After his political career, Wilder became the adjunct professor of public policy at Virginia Commonwealth University and occasionally writes for various Virginia newspapers. He founded the United States National Slavery Museum. Wilder has been honored by having buildings at Virginia Commonwealth University, Virginia State University and Hampton University respectively named after him. Wilder has received an honorary degree from Arizona State University and has a middle school named after him.
Wilder’s collection of papers and a gallery can be found at the L. Douglas Wilder Library and Resource Center at Virginia Union University.
Carl Stokes – First Black mayor of a major U.S. city (Cleveland, Ohio)
Carl Stokes was born in Cleveland, Ohio on June 21, 1927. Stokes was reared with his brother by their single mother in a housing project named Outhwaite Homes. Stokes was a good student yet, he dropped out of school in 1944 and briefly worked for a company called Thompson Products. He later joined the Army at the age of 18. After his discharge in 1946, he returned to Cleveland and earned his high school diploma in 1947. In 1954 he earned his Bachelor’s degree and then proceeded to law school earning his law degree in 1956 while working as a probation officer. In 1957 he was admitted to the Ohio bar. From 1958-1961, he served as assistant prosecutor and partner at the law firm Stokes & Stokes.
1962 marked the start of Strokes’ political career as an Ohio Representative where he served for three terms. In 1965 Stokes lost his first attempt to be instituted as Mayor. He won the bid in 1967. His tenure as mayor afforded Blacks the opportunity to obtain city hall jobs. He commenced Cleveland Now! – a neighborhood regeneration program aimed at public and private funding.
After his political career Stokes lectured at colleges nationwide and in 1972 gained a position as the first Black news anchor at WNBC – TV in New York City. In 1980 he returned to Cleveland and served as general legal counsel for the United Auto Workers. From 1983-1994 Stokes served as municipal judge in Cleveland. His last political roles came as the U.S. Ambassador to the Republic of Seychelles. In 1970, Stokes was voted as the first African-American president of the National League of Cities. During his lifetime, Stokes was bestowed with 12 honorary degrees, several civic awards, and represented the U.S. by special request of the White House on goodwill trips abroad. Stokes died of cancer on April 3, 1996. He was 68 years old.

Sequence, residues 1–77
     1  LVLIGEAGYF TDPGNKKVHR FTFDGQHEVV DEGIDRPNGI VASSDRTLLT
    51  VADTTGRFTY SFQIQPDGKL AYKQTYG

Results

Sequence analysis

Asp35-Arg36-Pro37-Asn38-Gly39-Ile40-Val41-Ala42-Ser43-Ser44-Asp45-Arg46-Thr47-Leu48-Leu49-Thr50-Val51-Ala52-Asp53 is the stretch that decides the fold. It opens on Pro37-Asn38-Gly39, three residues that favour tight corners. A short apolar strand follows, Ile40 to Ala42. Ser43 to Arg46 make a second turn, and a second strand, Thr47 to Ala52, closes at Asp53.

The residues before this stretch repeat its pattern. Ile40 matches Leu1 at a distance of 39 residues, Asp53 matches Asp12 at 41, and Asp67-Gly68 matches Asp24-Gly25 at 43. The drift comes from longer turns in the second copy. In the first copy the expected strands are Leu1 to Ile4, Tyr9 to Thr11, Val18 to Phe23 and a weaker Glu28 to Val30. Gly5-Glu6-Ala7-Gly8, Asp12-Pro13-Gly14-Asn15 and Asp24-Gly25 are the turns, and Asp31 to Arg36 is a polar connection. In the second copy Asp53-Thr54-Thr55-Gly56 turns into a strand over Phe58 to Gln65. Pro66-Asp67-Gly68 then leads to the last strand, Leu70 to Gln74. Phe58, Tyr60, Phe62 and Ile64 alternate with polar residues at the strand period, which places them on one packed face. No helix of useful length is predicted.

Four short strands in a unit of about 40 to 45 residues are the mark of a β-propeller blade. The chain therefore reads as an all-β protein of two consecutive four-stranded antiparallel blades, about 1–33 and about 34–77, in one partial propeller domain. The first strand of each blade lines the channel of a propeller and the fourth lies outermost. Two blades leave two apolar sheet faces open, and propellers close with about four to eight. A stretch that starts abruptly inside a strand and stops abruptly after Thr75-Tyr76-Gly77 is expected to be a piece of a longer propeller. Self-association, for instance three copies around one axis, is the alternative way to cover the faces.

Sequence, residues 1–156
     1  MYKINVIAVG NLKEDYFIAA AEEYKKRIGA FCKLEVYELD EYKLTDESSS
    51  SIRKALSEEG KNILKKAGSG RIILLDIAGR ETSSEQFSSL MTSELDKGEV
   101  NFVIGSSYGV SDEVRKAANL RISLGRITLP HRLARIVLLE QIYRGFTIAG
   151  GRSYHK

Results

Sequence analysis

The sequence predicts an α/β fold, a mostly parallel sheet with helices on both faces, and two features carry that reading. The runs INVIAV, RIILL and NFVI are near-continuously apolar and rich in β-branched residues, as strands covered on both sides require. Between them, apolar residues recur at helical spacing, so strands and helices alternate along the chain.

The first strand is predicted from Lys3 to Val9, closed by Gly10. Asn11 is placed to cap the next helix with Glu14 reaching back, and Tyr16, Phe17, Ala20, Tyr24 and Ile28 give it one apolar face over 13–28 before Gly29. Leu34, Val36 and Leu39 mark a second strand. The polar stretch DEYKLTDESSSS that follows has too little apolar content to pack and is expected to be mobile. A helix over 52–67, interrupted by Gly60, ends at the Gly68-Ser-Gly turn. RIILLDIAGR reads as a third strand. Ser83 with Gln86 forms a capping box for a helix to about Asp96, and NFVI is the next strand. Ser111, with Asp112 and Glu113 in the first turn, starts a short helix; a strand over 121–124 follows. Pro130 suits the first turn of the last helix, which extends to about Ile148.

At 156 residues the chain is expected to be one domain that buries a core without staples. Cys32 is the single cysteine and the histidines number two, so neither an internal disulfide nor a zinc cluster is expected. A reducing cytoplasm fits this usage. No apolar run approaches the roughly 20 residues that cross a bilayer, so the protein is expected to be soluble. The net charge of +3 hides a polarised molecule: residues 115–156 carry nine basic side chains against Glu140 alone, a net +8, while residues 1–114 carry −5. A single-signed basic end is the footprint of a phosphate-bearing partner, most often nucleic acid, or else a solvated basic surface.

Hiram Rhodes Revels – First Black and Native American Senator
Revels was born in Fayetteville, North Carolina on September 27, 1827, as a free man. He received his education in the form of tutoring from an unidentified Black woman. In 1841 he attended the Union County Quaker Seminary in Indiana and Darke County Seminary in Ohio. In 1845 Revels was ordained as a minister and proceeded with preaching and became a religious teacher. Interestingly enough, Revels was imprisoned in 1854 for preaching to Blacks. From 1855 to 1857 he studied religion at Knox College in Illinois. He later became a minister in an Episcopal Church in Baltimore, Maryland and served as a principal in an all-Black high school. Revels served as a chaplain in the United States Army and during his enlistment formulated two Black union regiments during the Civil War in Maryland and Missouri; he also fought at the battle of Vicksburg in Mississippi.
In 1865 Revels joined the Methodist Episcopal Church. In 1866, he became the permanent pastor at a church in Natchez, Mississippi all the while founding schools for the Black youth.
In 1868, Revels was elected as the alderman in Natchez. In 1869 he was elected to represent Adams County in the Mississippi Senate. Then in 1870, Revels was elected as a Senate member by a vote of 81 to 15. Finally, on February 25, 1870, Revels was elected as the first African-American member of United States Senate. As a senator, he strongly advocated for racial equality though was unsuccessful in formulating substantial change for Blacks. After his one-year Senate appointment, Revels served as the president of Alcorn Agricultural and Mechanical College now Alcorn State University while being an instructor of philosophy, served as Mississippi secretary of state ad interim, remained active in church ministry, served briefly as an editor for the Southwestern Christian Advocate, and taught Theology at Shaw College renamed Rust College.
Revels died on January 16, 1901, while attending a church conference at Aberdeen, Mississippi. He was 73 years old.